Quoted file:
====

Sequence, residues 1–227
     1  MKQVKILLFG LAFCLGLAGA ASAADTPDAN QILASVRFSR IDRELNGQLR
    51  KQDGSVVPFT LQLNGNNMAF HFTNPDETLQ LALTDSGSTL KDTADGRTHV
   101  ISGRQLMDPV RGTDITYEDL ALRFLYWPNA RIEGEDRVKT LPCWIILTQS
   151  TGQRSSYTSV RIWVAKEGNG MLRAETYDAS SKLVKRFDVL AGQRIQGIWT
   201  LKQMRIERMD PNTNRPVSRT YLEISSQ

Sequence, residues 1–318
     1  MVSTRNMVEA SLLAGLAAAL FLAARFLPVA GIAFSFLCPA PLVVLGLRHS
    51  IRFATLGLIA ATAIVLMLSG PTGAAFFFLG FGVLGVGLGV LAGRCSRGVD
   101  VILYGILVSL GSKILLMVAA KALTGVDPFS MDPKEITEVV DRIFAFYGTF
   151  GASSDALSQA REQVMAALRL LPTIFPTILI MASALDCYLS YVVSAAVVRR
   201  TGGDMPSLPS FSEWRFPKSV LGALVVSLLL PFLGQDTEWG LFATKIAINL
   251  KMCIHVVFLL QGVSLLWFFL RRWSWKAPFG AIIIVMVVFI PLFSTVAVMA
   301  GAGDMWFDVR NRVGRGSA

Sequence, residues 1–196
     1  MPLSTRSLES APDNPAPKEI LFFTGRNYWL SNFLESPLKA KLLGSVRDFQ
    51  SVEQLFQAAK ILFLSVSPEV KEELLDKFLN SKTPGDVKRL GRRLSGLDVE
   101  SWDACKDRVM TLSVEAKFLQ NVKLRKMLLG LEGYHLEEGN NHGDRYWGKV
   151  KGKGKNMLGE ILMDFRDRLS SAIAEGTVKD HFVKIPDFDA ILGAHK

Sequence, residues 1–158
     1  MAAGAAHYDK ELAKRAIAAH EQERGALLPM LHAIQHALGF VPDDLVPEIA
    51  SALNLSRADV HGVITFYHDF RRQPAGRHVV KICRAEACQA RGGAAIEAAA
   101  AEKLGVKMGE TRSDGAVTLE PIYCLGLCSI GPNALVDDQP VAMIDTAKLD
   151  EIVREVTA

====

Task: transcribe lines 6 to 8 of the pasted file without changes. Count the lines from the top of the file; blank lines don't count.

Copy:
   201  LKQMRIERMD PNTNRPVSRT YLEISSQ

Sequence, residues 1–318
     1  MVSTRNMVEA SLLAGLAAAL FLAARFLPVA GIAFSFLCPA PLVVLGLRHS